Jim Fleischman and his wife Shelly own Automotive Alley in Arcade, NY. Jim attended Alfred State College for Automotive Tech. He went to work for a Ford Dealership as a shop foreman. Jim’s racing and organizational experience came by being part of a race team that ran Busch and NASCAR. He was recruited from his alma mater, Alfred State College, and became an instructor. Jim always wanted to teach and it was fate. He spent fourteen years as an instructor. He loved building relationships with his students.
He was balancing his teaching job and owning a shop while Shelly ran the business for him. Jim ultimately left his teaching job and went to work full-time in the business. Shelly’s background was accounting which was good for the business overall.
Jim believes in a strong process-driven company. He is all about improving efficiency. Saving steps for productivity gains. Anyone can study their inefficiencies and make changes to improve productivity. He templated his systems against NASCAR. Immaculate, organized and tools quickly reached and found. Jim perpetually works on streamlining to increase his productivity.
Automotive Alley also specialized in street rod, hot rods, upgrades, and restorations. For Jim, the word “can’t” is not in his vocabulary. Listen to Jim’s previous episodes HERE.
Matt Manzone graduated from Wyotech trade school in Blairsville, Pa. Shortly after graduation, Matt started at a local Japanese import brand dealership. Eventually becoming Expert level brand certified and achieving ASE certified Master automotive technician status. After 14 years at the dealership, Matt left to take a position at an independent repair shop called Automotive Alley in Arcade, NY as a technician and service writer in the vintage/restoration shop. Listen to Matt’s episodes HERE.
Key Talking Points:
- Technicians at dealerships vs independent shops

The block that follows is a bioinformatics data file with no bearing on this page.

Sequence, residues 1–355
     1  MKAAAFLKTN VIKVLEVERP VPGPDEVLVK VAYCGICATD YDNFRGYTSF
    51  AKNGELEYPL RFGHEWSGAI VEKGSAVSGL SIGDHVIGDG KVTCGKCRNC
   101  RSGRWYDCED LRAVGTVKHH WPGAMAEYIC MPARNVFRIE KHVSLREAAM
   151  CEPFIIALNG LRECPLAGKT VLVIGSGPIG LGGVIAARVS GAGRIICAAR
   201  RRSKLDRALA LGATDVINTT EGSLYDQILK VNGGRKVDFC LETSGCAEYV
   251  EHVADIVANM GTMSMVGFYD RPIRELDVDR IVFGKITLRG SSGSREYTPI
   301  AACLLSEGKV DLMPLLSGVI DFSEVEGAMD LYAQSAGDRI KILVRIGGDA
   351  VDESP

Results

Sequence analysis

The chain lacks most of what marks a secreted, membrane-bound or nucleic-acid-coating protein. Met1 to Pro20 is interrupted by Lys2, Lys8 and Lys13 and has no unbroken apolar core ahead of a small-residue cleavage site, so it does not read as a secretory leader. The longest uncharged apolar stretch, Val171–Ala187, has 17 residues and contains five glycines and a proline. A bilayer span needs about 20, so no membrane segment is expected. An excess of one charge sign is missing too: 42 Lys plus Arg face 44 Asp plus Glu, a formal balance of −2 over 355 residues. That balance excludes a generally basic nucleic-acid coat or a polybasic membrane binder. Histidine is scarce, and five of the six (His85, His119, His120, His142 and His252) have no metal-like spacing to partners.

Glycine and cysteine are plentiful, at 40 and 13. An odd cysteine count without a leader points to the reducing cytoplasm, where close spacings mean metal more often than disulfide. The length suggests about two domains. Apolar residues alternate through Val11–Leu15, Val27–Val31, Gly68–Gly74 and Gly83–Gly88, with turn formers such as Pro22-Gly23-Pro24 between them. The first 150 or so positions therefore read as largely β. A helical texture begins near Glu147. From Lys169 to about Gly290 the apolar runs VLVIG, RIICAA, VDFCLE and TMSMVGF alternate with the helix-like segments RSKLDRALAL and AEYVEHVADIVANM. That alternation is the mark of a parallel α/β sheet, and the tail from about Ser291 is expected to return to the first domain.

- Dealerships have a specific type of vehicles and is flat rate- 70% of students from tech schools go directly to work in dealerships
- Most technicians that leave the dealerships leave the industry completely
- Independent shops have a broader spectrum
- Hiring more technicians
- Jim used Facebook Ads and Indeed for hiring
- Matt posted his resume on Indeed to see what other opportunities were available- was open-minded and wanted a challenge
- Matt researched the shop prior to the interview- Facebook posts, reviews, and podcast interview
- “Working interview”-Spent half a day interviewing and then worked with other technicians in the shop and with Jim
- Culture of business
- Clean, sterile work environment instead of stereotypical “greasy fingerprints”
- Take time to invest in the environment and properly working equipment
- Everyone at Jim’s shop says “goodbye” to one another, something Matt was not used to at first- creates positive attitudes and cohesive culture
- Leaving after 14 years for the same but new job
- Everyone is afraid of the unknown and what could happen
- Matt didn’t leave because of money, left because it was time and unhappy with the culture of the dealership- the dealership had a counter offer for him when he put in his 2 week notice which was more money. More money didn’t change the issues of why he wanted to leave.
- Be careful making choices based on money- often times it will not make you happier
- If you are burned out from your job always remember there are other opportunities available
- Thanks to Matt Manzone and Jim Fleischman for their contribution to the aftermarket’s premier podcast.
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